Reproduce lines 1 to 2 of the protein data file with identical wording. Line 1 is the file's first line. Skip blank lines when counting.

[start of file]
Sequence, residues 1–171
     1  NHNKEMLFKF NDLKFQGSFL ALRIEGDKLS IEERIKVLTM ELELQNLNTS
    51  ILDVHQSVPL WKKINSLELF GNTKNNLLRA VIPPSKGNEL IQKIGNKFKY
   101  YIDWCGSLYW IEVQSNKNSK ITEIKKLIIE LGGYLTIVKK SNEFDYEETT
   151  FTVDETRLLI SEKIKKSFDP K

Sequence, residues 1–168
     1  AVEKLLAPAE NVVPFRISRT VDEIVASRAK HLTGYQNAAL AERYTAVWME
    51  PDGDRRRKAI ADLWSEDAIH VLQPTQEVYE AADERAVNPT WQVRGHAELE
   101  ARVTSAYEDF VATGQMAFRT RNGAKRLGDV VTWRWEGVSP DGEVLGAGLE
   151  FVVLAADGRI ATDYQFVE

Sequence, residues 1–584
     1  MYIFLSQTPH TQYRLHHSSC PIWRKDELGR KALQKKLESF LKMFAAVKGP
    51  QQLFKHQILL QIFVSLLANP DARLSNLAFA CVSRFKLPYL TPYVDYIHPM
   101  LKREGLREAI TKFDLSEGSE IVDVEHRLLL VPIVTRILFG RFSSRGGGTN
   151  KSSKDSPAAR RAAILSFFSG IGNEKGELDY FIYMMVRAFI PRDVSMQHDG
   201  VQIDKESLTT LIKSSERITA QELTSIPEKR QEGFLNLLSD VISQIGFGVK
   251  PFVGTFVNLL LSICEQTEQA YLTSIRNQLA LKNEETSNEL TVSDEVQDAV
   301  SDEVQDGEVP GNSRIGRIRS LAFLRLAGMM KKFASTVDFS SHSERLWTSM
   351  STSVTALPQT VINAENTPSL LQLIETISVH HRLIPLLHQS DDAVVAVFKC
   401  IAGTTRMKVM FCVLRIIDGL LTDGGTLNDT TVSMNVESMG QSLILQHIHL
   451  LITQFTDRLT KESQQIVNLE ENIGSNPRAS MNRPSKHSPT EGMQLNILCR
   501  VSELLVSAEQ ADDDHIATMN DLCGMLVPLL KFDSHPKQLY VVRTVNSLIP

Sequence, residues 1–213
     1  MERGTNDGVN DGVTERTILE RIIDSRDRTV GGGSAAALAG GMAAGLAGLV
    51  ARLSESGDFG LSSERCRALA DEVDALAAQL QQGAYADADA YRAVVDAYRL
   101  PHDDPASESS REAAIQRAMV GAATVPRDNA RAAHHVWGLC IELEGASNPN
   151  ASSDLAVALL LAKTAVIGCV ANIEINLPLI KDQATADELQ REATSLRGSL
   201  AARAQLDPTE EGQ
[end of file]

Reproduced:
Sequence, residues 1–171
     1  NHNKEMLFKF NDLKFQGSFL ALRIEGDKLS IEERIKVLTM ELELQNLNTS